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Buttigieg says his family ‘deserves to be supported’ in response to House speaker’s previous comments on LGBTQ community

<i>Christopher Dilts/Bloomberg/Getty Images</i><br/>Transportation Secretary Pete Buttigieg
Christopher Dilts/Bloomberg/Getty Images
Transportation Secretary Pete Buttigieg

By Shania Shelton, CNN

(CNN) — Transportation Secretary Pete Buttigieg said Friday his family “deserves to be supported just like every American family” in response to House Speaker Mike Johnson’s previous comments on gay marriage.

“I will admit it’s a little bit difficult driving the family minivan to drop our kids off at daycare passing the dome of the Capitol knowing that the Speaker of the House sitting under that dome doesn’t even think our family ought to exist,” Buttigieg, the first Senate-confirmed LGBTQ Cabinet secretary, said on CNN News Central.

Johnson, who secured the speaker’s gavel late last month, has a history of harsh anti-gay language from his time as an attorney for a socially conservative legal group in the mid-2000s.

In editorials uncovered by CNN’s KFile, Johnson called homosexuality an “inherently unnatural” and “dangerous lifestyle” that would lead to legalized pedophilia and possibly even destroy “the entire democratic system.”

And in another editorial, “Your race, creed, and sex are what you are, while homosexuality and cross-dressing are things you do,” he wrote. “This is a free country, but we don’t give special protections for every person’s bizarre choices.”

He also closely collaborated with a group in the mid-to-late 2000s that promoted “conversion therapy,” a discredited practice that asserted it could change the sexual orientation of gay and lesbian individuals.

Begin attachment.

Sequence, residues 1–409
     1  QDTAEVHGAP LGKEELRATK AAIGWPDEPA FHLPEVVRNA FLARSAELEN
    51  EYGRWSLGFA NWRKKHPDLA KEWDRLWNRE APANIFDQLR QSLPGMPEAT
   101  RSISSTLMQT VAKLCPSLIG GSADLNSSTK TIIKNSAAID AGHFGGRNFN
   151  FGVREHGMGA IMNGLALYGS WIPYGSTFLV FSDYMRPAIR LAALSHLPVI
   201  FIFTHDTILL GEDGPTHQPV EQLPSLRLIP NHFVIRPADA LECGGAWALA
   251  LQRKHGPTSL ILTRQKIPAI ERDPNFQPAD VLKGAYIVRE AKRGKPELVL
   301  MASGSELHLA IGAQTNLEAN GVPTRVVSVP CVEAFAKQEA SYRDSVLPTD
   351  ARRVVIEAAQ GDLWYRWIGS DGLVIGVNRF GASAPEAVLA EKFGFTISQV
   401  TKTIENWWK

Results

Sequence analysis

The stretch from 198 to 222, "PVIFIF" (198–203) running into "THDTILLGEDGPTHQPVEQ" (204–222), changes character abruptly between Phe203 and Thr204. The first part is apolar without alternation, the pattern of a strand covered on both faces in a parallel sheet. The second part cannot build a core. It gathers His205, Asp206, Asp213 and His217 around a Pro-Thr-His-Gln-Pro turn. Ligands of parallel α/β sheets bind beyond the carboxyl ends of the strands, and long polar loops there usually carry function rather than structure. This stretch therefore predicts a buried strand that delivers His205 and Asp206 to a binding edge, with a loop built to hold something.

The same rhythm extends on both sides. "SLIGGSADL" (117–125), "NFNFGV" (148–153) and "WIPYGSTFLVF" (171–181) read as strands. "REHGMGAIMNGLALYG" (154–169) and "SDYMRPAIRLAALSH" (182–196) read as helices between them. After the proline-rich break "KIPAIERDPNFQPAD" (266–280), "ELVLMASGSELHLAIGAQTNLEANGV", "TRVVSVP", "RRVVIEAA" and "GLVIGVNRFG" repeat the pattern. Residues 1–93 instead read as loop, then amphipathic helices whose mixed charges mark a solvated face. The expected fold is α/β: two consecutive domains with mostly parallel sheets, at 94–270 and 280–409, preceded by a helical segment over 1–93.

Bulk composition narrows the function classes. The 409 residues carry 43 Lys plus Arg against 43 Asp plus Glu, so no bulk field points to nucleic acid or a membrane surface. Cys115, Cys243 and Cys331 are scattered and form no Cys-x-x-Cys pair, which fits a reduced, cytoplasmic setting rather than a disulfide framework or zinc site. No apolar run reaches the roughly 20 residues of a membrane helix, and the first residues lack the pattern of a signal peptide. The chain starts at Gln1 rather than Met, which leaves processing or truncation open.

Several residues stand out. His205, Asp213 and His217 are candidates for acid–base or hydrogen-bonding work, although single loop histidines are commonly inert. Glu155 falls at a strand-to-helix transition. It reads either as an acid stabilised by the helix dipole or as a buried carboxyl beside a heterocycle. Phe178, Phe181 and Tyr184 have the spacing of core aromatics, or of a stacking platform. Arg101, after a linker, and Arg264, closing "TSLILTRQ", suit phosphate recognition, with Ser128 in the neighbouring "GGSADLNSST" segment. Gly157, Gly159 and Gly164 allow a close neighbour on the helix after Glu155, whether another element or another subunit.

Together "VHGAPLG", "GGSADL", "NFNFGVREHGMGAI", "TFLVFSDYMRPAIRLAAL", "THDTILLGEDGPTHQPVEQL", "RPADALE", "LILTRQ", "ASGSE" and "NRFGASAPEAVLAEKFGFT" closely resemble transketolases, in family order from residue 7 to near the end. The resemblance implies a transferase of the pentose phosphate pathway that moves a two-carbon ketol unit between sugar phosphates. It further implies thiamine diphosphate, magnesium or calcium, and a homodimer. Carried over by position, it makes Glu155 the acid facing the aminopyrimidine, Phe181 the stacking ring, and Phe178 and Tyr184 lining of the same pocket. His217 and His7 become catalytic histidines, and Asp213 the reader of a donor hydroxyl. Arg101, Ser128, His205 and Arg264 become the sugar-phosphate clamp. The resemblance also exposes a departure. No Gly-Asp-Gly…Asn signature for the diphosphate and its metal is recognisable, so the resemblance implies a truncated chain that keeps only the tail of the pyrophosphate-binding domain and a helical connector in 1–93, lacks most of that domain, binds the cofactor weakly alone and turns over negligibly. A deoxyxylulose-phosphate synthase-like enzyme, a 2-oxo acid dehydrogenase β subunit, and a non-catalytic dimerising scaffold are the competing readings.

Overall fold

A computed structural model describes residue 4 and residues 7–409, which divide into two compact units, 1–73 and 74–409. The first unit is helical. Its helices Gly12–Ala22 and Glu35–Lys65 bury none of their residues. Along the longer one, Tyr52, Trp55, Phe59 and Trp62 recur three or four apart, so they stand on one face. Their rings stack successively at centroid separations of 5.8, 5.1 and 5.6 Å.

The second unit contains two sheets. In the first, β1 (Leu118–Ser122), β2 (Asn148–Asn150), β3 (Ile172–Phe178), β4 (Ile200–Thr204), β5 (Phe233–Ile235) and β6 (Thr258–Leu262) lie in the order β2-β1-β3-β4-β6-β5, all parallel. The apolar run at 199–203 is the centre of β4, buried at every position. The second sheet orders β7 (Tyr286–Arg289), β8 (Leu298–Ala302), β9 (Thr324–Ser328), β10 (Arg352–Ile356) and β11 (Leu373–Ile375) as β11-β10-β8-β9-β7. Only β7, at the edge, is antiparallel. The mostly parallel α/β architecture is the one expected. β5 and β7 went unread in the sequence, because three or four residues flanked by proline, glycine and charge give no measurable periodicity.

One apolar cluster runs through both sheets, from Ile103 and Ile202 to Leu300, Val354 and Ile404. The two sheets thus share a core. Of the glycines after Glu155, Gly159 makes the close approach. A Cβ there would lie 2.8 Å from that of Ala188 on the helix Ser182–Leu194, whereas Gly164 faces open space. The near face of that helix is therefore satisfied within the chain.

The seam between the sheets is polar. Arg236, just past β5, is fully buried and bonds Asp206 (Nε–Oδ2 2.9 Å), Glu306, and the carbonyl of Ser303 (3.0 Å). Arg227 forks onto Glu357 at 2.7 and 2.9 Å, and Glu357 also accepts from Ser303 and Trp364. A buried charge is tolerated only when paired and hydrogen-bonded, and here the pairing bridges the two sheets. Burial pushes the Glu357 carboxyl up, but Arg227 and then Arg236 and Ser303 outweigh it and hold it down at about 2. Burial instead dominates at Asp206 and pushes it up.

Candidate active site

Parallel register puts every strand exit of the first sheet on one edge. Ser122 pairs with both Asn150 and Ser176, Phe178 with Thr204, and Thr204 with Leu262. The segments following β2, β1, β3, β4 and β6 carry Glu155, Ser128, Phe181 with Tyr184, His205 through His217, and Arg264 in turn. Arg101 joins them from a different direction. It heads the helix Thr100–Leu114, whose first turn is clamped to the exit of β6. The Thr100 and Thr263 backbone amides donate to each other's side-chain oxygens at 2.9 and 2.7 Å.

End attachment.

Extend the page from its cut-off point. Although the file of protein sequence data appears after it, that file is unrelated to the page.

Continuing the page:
Johnson told Fox News’ Sean Hannity, “I don’t even remember some of them,” when asked last week to respond to the editorials he wrote during a lengthy interview. Calling himself a Bible-believing Christian, Johnson went on to say he genuinely loves all people “regardless of their lifestyle choices” and that he respects the rule of law.

“I was a litigator that was called upon to defend the state marriage amendments. If you remember back in the early 2000s there was over 35 states somewhere in that number that the people went to the ballot in their respective states and they amended their state constitutions to say marriage is one man, one woman. Well, I was a religious liberty defense lawyer and I was called to go in and defend those cases in the court,” he said.

Appearing on “The Late Show With Stephen Colbert” Thursday, Buttigieg maintained he’ll “work with anybody who can help us get good transportation available to the American people,” while suggesting he’d be willing to host Johnson at his home.

“Maybe we’ll just have him over because our little house isn’t that far from the Capitol,” Buttigieg said.

When asked by Colbert how he could work with someone who argued that same-sex relations are “the dark harbinger of chaos,” Buttigieg described a typical night with his family.

“If you could see what it’s like when I come home from work, and Chas is bringing the kids home from daycare or vice versa, and one of us is getting the mac and cheese ready, and the other one’s microwaving those little freezer meatballs that are a great cheat code if you’ve got toddlers and you got to feed them quickly, and they won’t take their shoes off, and one of them needs a diaper change,” Buttigieg said.

“Everything about that is chaos, but nothing about that is dark,” he added. “The love of God is in that household.”

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Article Topic Follows: CNN - US Politics

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